By Matthew Jent
The Star Wars
Script: J.W. Rinzler
Art: Mike Mayhew
Colors: Rain Beredo
Lettering: Michael Heisler
Cover Art: Nick Runge
Genre: Sci-Fi/Fantasy, Movie Tie-In
Star Wars the film — the original film, whether you call it “Episode IV” or “A New Hope” or just “Star Wars” — is a religious text. There’s barely been a time since its 1977 release when it wasn’t being enjoyed, debated, worshipped or deconstructed. In a world of reboots, remakes and restarts, it is hard to imagine Star Wars doing anything except continue.
And yet. Star Wars was created by a mortal mind. It did not spring fully formed from the head of some god. Dark Horse’s The Star Wars is a graphic novel collection “based on the original rough-draft screenplay by George Lucas.” It takes place among the stars. It concerns an evil empire being fought by a rebel alliance. There are words herein such as “Skywalker,” “Darth Vader,” and “Jedi.”
But in place of lightsabers, we have “lazerswords.” Instead of The Force, we have “the force of others.” There is a moon-sized space station called, not the Death Star, but “The Space Fortress.” There are echoes and mirror images of familiar characters and designs, such as a familiar group of bounty hunters we encounter about halfway through the story.
It’s long been rumored that the original Star Wars screenplay had enough content for what became the entire saga, and you get a sense of that here. The plot moves at a breakneck pace, which leads to some welcome between-panel jumps that modern comics tend to overexplain. But the downside is that The Star Wars lacks the quiet character moments needed to humanize and soften the space-fantasy archetypes the characters have become. There’s no time taken for quiet character moments or smalltalk over the dejarik table, and there’s no winning smirk when Han espouses his preference for a good blaster. This is just plot, plot, plot.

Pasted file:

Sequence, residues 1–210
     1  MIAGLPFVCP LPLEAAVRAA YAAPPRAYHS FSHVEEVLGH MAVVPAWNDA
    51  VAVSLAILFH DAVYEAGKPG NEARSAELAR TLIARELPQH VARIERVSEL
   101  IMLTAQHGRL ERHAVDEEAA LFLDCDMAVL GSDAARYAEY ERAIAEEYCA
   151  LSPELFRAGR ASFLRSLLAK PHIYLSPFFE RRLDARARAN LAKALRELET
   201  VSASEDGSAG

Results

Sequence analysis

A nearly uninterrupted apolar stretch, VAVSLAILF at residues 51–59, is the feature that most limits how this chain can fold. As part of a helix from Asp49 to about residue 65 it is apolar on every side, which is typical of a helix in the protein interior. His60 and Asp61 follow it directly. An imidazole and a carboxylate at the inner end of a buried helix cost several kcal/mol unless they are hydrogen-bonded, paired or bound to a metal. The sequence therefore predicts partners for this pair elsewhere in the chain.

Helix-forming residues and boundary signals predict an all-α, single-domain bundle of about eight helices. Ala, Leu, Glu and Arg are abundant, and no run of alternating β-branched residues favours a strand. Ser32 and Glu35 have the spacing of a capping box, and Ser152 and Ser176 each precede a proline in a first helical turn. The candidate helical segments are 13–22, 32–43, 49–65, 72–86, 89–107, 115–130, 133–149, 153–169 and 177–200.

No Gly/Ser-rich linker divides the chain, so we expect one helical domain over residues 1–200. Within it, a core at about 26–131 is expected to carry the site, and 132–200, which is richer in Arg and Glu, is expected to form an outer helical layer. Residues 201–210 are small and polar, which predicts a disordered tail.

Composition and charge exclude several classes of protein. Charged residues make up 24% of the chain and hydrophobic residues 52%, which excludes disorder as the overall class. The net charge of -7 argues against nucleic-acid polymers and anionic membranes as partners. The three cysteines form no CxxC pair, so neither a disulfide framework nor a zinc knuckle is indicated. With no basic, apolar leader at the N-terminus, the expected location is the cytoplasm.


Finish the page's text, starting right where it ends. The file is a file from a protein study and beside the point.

Mike Mayhew’s art relies on frozen, exaggerated facial features, but it was the charisma and sass of Carrie Fisher that made Princess Leia rise above the cliché and lazy stereotype of a thinly drawn damsel-in-distress. Here, Princess Leia’s character is thinner than cheesecloth. Young hero Annikin Starkiller punches her in the face to keep her from arguing against their escape from the Empire, and a few dozen pages later she proclaims her love for him. The cast of the original Star Wars film is beloved, but they don’t get enough credit for bringing humanity and charm to a screenplay so devoid of it.
It’s not clear in this adaptation how much of the dialogue is Lucas-original, and how much is created by writer J.W. Rinzler, but someone really likes numbers and mumbo-jumbo space coordinates. Quad-tristation configurations, south axis point three-nine-four, point five-seven on the axis — it’s meaningless jargon that makes the story feel militaristic and unengaging, causing the eye to scan nearby word balloons for a familiar name or phrase as an anchor point.